Summer shall come, and with her all delights,
But dead cold winter must inhabit here still.
Pal. 'Tis too true, Arcite. To our Theban hounds
That Thook the aged forests with their echoes,
No more now muft we hollow, no more fhaks
Our pointed javelin, whilst the angry swine
Flies like a Parthian quiver from our rages,
Struck with our well-steel'd darts. All valiant uses,
The food and nourishment of noble minds,
In us two here shall perish: we shall die,
Which is the curse of honour, lazily,
Children of grief and ignorance.
Arr. Yet, cousin,
Even from the bottom of these miferies,
From all that fortune can inflict upon us,
I see two comforts rising, two mere blessings,
If the gods please to hold here, a brave patience,
And the enjoying of our griefs together.
Whilft Palamon is with me, let me perish,
If I think this our prison.
Let's think this prison a holy fanctuary,
To keep us from corruption of worfe men;
We're young, and yet desire the ways of honour,
Thät liberty and coniinon conversation,
how t'adore the heav’ns; and bows you To morning's holy office. Gates of monarchs Are arch'd so high, that giants may get thro' And keep their impious turbands on, without Good-morrow to the sun. Hail, thou fair heav'n! We house i'th' rock, yet use thee not so hardly, As prouder livers do. Guid. Hail, heav'n !
The poison of pure spirits, might, like women,
Woo us, to wander from. What worthy blessing
Can be, but our imaginations
May make it ours ? and here being thus together
We are an endless mine to one another ;
We're one another's wife, ever begetting
New births of love : we're father, friends, acquaintance,
We are in one another, families,
I am your heir, and you are mine : this place
Is our inheritance: no hard oppressor
Dare take this from us : here, with a little patienceg
We shall live long, and loving: no surfeits seek us:
The hand of war hurts none here, nor the seas
Swallow their youth : were we at liberty
A wife might part us lawfully, or business ;
Quarrels consume us : envy of ill men
Reave our acquaintance: I might ficken, cousing .
Where you fhould never know it, and so perish
Without your noble hand to close mine eyes,
Or prayers to the gods: a thousand chances
Were we from hence wou'd sever us.
Pal. You have made me,
(I thank you, cousin Arcite) almost wanton
With my captivity: what a misery
It is to live abroad, and every where?
'Tis like a beast, methinks: I find the court here ;
I'm sure a more content, and all those pleasures
That woo the wills of men to vanity,
I see thro' now: and am sufficient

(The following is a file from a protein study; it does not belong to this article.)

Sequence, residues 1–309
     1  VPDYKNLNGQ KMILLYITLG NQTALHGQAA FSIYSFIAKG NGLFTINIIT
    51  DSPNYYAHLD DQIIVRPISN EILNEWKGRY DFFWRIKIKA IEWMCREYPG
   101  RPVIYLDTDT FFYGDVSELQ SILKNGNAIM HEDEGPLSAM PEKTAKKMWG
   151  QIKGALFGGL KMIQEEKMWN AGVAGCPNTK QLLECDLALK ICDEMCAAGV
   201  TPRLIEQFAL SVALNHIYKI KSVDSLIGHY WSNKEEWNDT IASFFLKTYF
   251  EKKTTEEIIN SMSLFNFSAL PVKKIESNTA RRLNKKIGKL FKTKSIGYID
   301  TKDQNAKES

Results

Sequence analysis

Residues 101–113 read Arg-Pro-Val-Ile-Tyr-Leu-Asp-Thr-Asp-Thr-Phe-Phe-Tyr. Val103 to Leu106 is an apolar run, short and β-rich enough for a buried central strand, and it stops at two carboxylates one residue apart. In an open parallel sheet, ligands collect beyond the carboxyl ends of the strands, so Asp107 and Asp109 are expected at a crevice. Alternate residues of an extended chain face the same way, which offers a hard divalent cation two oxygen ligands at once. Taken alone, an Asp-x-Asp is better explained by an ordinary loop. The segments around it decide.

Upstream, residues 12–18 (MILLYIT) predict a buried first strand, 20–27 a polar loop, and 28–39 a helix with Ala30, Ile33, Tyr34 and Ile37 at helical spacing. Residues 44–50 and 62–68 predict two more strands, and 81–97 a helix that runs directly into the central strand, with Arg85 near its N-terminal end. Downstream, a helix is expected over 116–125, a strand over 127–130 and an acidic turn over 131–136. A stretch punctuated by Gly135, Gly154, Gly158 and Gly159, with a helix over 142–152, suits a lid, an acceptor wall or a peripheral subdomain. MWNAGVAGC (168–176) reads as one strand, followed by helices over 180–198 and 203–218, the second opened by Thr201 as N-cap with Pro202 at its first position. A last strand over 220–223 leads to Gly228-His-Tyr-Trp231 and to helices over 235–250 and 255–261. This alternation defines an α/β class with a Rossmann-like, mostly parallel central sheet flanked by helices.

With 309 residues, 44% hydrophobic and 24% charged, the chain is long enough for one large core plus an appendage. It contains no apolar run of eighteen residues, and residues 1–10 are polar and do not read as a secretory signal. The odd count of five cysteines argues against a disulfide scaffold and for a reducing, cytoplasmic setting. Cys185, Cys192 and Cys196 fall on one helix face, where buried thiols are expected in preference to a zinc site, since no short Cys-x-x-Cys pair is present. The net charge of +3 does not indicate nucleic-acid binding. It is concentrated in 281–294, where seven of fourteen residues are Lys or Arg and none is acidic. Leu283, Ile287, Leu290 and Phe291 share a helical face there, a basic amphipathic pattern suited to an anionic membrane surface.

To tell the world, 'tis but a gaudy shadow.
That old time, as he passes by, takes with him.
What had we been? been old in the court of Creon,
Where sin is justice, lust and ignorance,
The virtues of the great ones : cousin, Arcite,
Had not the loving gods found this place for us,
W' had died as they do, ill old men unwept,
And had their epitaphs the peoples curses.
Arv. Hail, heav'n!
Bel. Now for our mountain sport: up to yond hill, Your legs are young: I'll tread these flats. Consider, When
above perceive me like a crow,
That it is place which lessens and sets off,
And you may then revolve what tales I've told you,
Of courts, of princes, of the tricks in war,
That service is not service, so being done,
But being so allow'd. To apprehend thus,
Draws us a profit from all things we see:
And often to our comfort shall we find
The sharded beetle in a safer hold
Than is the full-wing'd eagle. Oh, this life,
Is nobler than attending for a check;
Richer than doing nothing for a bauble ;
Prouder than rustling in unpaid-for filk :
Such gain the cap of him
that makes them fine,
Yet keeps his book uncross’d: no life to ours.
* Guid. Out of your proof you speak; we, poor, une
Have never wing'd from view o'th' nest; nor know
What air's from home. Hap’ly this life is best,
If quiet life is best; sweeter to you
That have a sharper known: well corresponding
stiff age; but unto us it is
A cell of ignorance; travelling a-bed,
A prison for a debtor, that not dares
To ftride a limit.
Arv. What should we speak of
When we are old as you ? when we shall hear
The rain and wind beat dark December? how,
In this our pinching cave, shall we discourse
The freezing hours away? we have seen nothing:
We are beastly; subtle as the fox for prey,
Like warlike as the wolf for what we eat:
Our valour is to chase what flies, our cage
We make a choir, as doth the prison's bird,
And sing our bondage freely.